The Irish Times - Wednesday, December 2, 2009
A Galway eye surgeon has described as “unprecedented” the rise in the number of cases of an eye condition which he says can be directly attributed to people staring at the sun during recent events at the Knock shrine.
Dr Eamonn O’Donoghue, a consultant ophthalmologist surgeon in University Hospital Galway, says the hospital would usually see one case of solar retinopathy “at most” per year.
However, this year there have been five such cases, all of which have been linked to events at Knock.
Dr O’Donoghue said people needed to be warned of the condition as it was “potentially very, very dangerous” and could cause long-term damage to the most vulnerable part of the eye.
“These people came in because they have had a significant reduction in their vision and they could very well be a smaller representative sample,” Dr O’Donoghue said, adding that two of those who had presented to the hospital had also reported that other members of their families had suffered visual damage.
“It can potentially lead to blindness with prolonged exposure,” Dr O’Donoghue said. While he was unaware how the events were organised, he said, it would be “profoundly irresponsible” for anyone to encourage people to stare at the sun.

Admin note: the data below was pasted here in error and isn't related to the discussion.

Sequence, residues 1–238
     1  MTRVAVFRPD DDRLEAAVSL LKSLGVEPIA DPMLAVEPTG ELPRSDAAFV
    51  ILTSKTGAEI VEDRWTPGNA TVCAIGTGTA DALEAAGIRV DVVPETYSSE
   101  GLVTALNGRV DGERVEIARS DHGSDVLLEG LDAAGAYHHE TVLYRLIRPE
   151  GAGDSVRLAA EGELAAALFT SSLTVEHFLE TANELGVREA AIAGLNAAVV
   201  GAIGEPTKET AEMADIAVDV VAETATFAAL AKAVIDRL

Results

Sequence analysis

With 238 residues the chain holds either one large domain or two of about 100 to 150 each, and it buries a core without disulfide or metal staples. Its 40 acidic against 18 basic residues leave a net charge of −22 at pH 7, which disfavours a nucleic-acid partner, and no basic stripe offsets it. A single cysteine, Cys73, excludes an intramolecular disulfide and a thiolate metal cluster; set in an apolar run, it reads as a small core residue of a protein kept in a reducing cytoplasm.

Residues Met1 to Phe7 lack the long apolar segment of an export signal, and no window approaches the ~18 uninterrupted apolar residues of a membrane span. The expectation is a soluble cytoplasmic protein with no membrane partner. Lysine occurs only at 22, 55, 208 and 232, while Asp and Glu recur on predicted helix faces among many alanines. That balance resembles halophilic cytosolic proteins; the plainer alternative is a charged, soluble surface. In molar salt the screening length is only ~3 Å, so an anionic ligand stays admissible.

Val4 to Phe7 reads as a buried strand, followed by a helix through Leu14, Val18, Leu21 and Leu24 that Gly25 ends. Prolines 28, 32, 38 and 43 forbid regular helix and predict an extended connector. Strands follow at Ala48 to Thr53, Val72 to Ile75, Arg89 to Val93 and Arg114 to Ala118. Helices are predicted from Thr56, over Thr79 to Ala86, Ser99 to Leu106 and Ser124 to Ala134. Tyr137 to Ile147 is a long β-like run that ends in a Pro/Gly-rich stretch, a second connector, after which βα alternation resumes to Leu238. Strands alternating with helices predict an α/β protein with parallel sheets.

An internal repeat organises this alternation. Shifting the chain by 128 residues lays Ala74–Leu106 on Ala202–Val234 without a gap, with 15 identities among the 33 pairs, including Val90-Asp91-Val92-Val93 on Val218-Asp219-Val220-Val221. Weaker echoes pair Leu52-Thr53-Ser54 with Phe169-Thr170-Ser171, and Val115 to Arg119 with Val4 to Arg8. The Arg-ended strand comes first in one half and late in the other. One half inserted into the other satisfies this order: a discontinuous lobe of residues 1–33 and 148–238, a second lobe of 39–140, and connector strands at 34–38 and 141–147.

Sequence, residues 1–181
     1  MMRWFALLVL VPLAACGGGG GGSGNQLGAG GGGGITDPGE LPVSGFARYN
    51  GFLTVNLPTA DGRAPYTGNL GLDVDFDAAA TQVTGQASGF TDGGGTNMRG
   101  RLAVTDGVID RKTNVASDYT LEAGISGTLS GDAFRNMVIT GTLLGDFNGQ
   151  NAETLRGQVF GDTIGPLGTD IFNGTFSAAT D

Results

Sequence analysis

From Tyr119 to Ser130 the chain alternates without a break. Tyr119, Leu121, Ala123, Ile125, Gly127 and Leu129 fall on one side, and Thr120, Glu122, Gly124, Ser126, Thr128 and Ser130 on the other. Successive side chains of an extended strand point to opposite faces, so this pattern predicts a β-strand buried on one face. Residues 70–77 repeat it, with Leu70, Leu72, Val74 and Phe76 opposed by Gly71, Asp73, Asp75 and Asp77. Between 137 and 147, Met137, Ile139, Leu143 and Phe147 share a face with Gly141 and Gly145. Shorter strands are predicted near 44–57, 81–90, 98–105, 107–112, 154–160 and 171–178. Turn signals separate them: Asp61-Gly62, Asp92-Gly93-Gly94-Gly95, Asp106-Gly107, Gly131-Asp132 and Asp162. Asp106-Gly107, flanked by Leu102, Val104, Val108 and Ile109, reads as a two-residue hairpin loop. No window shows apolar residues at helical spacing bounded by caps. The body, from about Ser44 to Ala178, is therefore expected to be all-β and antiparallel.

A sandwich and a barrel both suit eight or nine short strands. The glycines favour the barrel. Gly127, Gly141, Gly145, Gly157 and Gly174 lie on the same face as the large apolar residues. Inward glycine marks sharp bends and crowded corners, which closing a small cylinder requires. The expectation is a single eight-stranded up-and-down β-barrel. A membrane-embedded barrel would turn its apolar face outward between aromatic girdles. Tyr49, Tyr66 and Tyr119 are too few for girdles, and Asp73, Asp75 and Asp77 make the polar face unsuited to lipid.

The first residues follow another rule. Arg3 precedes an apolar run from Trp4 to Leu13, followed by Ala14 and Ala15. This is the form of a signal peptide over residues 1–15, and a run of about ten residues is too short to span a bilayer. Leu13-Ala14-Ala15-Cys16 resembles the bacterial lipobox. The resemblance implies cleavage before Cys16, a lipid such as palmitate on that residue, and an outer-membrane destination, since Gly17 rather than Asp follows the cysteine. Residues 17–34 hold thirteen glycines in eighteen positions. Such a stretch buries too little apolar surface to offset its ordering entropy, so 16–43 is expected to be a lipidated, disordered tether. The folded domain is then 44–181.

About 10,000 people attended a supposed apparition of the Virgin Mary at the Knock shrine in Co Mayo on October 31st. At this, and at a similar event on October 11th, people claimed to see the sun shimmering, changing colour and “dancing in the sky”.
Another apparition has been forecast by visionary Joe Coleman for this Saturday at 3pm. Attempts to contact Mr Coleman last night were unsuccessful.
Solar retinopathy, or eclipse retinopathy as it is also known, affects the macula and can cause a significant reduction in vision.
It can also lead to altered images, altered colour perception and blind spots.
While most people will recover their vision within six months, solar retinopathy has the potential to have a long-term degenerative effect on the retina.
He said that reports of people seeing colours dancing in front of the sun could also be explained by the condition, describing it as “sort of a cheap trick”.
“If you stare at the sun for long enough you’re going to get some visual disturbances. Not only will you get reduced vision but also a condition called metamorphopsia,” he said, adding that this could explain such visual alterations.
“Since the time of Galileo people have known that looking directly at the sun can do damage to your eyes,” Dr O’Donoghue added.